Clause 48 - Special protection for personal records

Health Bill – in a Public Bill Committee at 6:00 pm on 10th January 2006.

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Question proposed, That the clause stand part of the Bill.

Photo of Andrew Murrison Andrew Murrison Shadow Minister (Health)

The title of the clause is ''Special protection for personal records''. My understanding is that patient identifiable records would be disclosed only on receipt of a court order. I seek the Minister's assurance that that is correct. I think that she gave such an assurance in her initial remarks. The purpose in my discussing the clause briefly is to seek her confirmation that she shares that understanding of the matter.

Photo of Jane Kennedy Jane Kennedy Minister of State (Quality and Patient Safety), Department of Health 6:15 pm, 10th January 2006

It is useful to have the opportunity to clarify things. This is so important that it bears repetition—just the once, hon. Members will be pleased to learn. There may be circumstances in which information from personal records obtained under these powers will enable a person to be identified either from that piece of information or if it is combined with other information. In such cases, I acknowledge that special care has to be taken.

Where the information is disclosed for the purposes of any court or disciplinary proceedings, the person disclosing it must take steps to ensure that unless there is a court order the information is not disclosed to any member of the public. However, a party to legal proceedings may apply to the court for the information to be used as evidence in a case. Such a party would have to apply to the court and it would be a decision for the court. The court may agree to this, but to safeguard the identity of the individual, because there is the risk of identification, it may require all or some of the proceedings of that court case to be held in   private. I hope that that gives the hon. Gentleman a bit more clarity on the point.

Photo of Andrew Lansley Andrew Lansley Shadow Secretary of State for Health

To be sure about things, may I inquire about two points. The first relates to the inclusion of the words a ''member of the public''. Surely the point is not so much that information should not be disclosed to any member of the public but, from an individual's point of view, that it should not be disclosed to any person for whom it is not essential to the court proceedings. I am unsure what a ''member of the public'' means in this context. Does it mean anyone who is not related to the court proceedings in any way, including NHS staff for example?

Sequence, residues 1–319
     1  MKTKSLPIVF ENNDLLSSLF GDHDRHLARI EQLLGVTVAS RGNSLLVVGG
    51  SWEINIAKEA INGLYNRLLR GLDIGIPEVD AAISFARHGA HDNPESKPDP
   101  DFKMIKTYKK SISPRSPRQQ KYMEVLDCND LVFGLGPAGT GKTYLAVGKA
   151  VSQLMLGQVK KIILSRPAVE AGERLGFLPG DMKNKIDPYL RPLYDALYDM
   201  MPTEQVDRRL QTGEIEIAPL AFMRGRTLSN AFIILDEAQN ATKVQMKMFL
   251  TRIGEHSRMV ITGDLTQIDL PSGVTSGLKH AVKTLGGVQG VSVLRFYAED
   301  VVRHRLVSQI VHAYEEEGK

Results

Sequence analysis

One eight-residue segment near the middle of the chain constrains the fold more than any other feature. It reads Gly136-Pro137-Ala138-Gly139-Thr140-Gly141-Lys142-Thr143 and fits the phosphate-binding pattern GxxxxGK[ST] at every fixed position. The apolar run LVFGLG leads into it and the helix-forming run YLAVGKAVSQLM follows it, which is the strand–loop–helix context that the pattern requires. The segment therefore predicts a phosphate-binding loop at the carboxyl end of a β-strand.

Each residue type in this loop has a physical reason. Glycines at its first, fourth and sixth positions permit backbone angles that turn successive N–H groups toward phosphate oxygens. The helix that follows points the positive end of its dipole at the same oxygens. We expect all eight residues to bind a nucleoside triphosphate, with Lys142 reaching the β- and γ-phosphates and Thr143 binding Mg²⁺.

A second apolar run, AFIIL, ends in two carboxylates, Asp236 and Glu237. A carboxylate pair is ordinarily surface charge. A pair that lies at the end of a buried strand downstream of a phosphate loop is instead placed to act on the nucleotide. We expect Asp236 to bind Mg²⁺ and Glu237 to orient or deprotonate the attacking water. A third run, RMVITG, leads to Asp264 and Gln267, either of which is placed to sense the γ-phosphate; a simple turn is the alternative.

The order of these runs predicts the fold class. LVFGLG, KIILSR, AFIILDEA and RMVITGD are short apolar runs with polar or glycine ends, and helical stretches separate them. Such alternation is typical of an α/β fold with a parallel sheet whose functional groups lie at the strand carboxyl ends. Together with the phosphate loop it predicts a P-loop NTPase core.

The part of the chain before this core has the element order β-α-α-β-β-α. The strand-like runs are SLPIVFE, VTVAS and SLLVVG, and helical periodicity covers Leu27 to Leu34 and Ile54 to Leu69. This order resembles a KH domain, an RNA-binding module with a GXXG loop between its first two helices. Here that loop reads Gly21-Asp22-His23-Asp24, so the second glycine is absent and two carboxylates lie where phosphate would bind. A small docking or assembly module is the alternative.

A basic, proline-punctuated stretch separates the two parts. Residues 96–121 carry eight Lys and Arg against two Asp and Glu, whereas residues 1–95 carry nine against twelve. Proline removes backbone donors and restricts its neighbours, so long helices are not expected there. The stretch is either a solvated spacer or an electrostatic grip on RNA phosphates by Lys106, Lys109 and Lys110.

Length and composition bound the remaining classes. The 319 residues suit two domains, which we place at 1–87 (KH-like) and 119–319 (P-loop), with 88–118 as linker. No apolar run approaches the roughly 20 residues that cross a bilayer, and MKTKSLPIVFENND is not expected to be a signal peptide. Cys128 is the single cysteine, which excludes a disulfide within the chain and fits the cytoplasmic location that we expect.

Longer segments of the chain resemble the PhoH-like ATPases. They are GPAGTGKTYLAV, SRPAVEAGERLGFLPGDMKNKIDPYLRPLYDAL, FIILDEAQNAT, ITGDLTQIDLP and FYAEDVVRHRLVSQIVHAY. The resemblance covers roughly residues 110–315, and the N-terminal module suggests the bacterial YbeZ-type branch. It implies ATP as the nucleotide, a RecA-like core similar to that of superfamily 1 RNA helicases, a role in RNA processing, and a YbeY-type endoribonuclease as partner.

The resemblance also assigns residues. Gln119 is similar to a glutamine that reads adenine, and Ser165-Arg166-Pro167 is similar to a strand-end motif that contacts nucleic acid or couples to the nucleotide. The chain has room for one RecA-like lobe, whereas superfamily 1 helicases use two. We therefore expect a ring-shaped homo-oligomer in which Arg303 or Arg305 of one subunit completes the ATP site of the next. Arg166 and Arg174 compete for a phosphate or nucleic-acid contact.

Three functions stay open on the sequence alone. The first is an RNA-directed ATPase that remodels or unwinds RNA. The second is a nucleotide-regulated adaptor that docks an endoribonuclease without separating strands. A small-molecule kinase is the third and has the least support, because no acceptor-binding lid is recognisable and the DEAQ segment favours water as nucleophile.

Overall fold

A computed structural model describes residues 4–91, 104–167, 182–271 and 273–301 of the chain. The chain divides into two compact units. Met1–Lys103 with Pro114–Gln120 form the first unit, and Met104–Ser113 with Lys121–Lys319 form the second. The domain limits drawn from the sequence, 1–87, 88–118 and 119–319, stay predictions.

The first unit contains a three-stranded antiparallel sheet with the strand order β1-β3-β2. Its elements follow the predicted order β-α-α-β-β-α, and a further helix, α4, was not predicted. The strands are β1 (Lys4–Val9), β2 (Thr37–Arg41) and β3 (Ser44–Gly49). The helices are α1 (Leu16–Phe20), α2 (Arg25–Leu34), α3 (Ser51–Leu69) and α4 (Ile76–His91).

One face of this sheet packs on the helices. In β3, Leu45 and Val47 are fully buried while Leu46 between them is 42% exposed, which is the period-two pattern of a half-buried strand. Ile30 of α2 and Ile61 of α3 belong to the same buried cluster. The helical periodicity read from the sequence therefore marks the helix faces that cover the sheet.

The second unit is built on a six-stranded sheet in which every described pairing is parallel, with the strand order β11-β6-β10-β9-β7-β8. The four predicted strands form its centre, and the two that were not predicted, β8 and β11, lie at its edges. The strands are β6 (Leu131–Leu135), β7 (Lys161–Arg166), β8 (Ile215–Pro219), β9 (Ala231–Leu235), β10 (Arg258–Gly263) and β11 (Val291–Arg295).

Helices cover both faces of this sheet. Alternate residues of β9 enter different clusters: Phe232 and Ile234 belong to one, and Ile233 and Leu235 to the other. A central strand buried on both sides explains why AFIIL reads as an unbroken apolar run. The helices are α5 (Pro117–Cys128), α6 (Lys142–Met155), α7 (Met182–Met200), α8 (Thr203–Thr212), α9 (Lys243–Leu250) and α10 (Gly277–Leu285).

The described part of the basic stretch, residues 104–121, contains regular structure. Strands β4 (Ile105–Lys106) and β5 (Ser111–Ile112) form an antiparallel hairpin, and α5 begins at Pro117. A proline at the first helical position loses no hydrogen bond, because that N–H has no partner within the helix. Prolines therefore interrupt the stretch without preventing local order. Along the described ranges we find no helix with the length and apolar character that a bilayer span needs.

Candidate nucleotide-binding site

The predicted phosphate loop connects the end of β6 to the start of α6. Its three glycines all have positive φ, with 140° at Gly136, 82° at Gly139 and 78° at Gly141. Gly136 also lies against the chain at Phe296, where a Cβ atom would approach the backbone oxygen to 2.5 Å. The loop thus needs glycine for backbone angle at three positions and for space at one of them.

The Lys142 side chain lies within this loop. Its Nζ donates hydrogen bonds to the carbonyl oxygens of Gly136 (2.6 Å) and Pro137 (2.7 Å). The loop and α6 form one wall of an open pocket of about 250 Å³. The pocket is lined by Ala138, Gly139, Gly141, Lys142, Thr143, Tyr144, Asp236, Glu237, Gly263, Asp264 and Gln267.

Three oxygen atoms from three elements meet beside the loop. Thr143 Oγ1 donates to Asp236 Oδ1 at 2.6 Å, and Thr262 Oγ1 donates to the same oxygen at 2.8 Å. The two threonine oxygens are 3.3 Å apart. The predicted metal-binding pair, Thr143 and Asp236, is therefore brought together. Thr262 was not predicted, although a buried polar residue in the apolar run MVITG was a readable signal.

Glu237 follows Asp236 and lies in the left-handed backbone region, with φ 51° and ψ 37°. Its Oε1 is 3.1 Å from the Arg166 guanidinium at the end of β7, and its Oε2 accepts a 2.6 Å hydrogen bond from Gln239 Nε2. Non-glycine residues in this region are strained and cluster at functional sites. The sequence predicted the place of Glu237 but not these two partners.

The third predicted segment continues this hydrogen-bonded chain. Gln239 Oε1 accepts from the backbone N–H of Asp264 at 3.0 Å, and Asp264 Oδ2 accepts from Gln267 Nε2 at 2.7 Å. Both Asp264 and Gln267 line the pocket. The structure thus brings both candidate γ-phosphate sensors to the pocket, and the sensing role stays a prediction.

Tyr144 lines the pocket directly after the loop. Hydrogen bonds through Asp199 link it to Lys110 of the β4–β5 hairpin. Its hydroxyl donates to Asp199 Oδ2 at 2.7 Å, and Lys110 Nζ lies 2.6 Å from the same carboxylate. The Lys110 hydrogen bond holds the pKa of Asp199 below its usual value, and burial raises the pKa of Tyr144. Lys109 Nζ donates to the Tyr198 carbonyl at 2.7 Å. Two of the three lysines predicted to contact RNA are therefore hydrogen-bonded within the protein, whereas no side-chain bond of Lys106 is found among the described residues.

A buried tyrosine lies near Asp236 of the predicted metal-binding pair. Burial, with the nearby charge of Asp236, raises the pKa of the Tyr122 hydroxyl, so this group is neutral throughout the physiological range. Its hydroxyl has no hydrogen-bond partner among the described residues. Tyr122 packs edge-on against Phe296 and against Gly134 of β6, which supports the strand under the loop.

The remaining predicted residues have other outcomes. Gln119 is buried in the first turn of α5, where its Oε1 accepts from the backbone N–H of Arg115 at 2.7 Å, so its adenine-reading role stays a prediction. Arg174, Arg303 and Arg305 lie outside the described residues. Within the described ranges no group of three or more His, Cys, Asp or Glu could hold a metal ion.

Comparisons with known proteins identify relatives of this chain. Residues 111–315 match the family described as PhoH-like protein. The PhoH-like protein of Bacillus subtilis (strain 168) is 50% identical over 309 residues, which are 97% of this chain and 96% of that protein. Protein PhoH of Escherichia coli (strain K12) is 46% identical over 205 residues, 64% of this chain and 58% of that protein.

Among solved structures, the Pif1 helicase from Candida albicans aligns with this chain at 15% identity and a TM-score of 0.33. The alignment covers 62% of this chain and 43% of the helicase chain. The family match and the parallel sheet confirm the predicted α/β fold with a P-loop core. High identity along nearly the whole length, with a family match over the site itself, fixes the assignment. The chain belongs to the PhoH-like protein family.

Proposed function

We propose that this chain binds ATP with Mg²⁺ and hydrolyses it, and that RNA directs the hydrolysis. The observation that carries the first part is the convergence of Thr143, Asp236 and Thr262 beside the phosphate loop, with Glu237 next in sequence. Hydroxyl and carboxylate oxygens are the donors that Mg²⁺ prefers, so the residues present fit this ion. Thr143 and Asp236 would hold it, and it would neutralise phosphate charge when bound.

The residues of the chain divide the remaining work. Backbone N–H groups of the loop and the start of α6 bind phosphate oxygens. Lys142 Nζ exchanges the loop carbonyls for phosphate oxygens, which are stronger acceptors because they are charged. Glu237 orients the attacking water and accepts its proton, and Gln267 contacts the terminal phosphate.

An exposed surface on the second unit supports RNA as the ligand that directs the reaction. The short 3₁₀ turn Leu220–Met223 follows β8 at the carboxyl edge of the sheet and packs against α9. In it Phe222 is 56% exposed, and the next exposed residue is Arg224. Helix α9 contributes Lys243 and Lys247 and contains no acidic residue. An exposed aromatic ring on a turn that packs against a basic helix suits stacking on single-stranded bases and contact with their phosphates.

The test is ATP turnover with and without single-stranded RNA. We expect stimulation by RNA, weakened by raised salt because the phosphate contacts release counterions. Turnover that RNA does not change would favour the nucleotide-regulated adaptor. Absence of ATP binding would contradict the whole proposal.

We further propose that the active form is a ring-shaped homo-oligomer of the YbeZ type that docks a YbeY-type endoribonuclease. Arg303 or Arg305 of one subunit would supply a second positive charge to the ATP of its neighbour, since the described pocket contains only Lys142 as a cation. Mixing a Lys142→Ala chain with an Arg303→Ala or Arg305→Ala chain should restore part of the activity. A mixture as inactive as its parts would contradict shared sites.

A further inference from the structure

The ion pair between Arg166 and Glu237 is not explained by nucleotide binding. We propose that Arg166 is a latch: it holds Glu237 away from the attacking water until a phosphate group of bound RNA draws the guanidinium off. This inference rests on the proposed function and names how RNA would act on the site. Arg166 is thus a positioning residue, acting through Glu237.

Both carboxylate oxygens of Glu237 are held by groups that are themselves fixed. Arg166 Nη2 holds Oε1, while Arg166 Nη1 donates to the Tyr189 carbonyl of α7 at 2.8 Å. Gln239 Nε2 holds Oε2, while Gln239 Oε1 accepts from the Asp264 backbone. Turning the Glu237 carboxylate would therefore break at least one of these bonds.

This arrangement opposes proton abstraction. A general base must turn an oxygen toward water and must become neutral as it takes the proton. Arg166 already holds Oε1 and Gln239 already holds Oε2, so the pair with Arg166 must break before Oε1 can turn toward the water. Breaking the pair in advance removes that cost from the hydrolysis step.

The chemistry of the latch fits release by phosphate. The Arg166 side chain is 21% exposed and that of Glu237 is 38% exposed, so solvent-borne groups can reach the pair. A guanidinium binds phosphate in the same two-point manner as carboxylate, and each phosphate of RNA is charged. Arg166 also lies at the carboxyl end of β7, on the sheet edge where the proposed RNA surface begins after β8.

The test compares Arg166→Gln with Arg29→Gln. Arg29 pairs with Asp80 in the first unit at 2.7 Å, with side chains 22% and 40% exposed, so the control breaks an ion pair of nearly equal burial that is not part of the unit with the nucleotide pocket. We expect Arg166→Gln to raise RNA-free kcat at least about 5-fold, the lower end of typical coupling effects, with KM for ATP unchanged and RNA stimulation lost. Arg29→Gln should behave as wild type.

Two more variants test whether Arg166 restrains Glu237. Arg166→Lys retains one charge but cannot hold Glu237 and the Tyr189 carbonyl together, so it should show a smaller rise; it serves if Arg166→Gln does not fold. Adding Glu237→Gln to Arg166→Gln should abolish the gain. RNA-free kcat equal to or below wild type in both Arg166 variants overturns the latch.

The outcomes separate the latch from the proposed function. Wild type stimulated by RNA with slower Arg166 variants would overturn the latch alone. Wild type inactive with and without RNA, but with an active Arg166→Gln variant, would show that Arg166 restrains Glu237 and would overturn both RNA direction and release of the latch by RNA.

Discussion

I may have missed the answer to my second point, but this seems to be the appropriate point at which to ask the question. Where information from somebody's personal records is produced in connection with such a case, where are the obligations on the counter-fraud service to ensure that it is aware of that? Will it be unaware of that or will there be some provision to ensure that it is aware that the information is being used, and aware of to whom it is being disclosed and for what purposes?

Photo of Jane Kennedy Jane Kennedy Minister of State (Quality and Patient Safety), Department of Health

The hon. Gentleman asks me to define more clearly what we mean by ''the public''. I want to reflect on the points that have been made because I want things to be right. We mean those not engaged in the case. The information will be anonymised, as I was describing earlier. I am unsure whether he was present then. The information will be anonymised and only that which is absolutely relevant and necessary for the case to be demonstrated will be disclosed.

We are creating a criminal offence of misuse of the information, so that when the officers of the counter-fraud service have the information, there will be a heavy duty on them to ensure that it is dealt with properly and only disclosed appropriately. We are concerned with giving special protection for those who might be identified even if the information is anonymised. We are saying to those involved in prosecuting and hearing cases that they have a duty on disclosure, even if we are talking about anonymous information put together with other information. We think of somebody not directly involved with the case—a court reporter or a journalist in particular—but the provision refers to any member of the public. It is right that we should give the utmost, stringent protection possible in relation to the information. If it is possible that someone will be identified, that is the responsibility of those managing and hearing the case. The court will be invited to consider the circumstances in which the evidence should be presented, with the concerns that the hon. Gentleman has just raised specifically in mind. I hope that that answer gives him the reassurance he seeks. I will reflect on the points raised in order to reassure myself that we have got this absolutely right. I think that we have, but I will consider those points to be absolutely sure.

Question put and agreed to.

Clause 48 ordered to stand part of the Bill.

Clause 49 ordered to stand part of the Bill.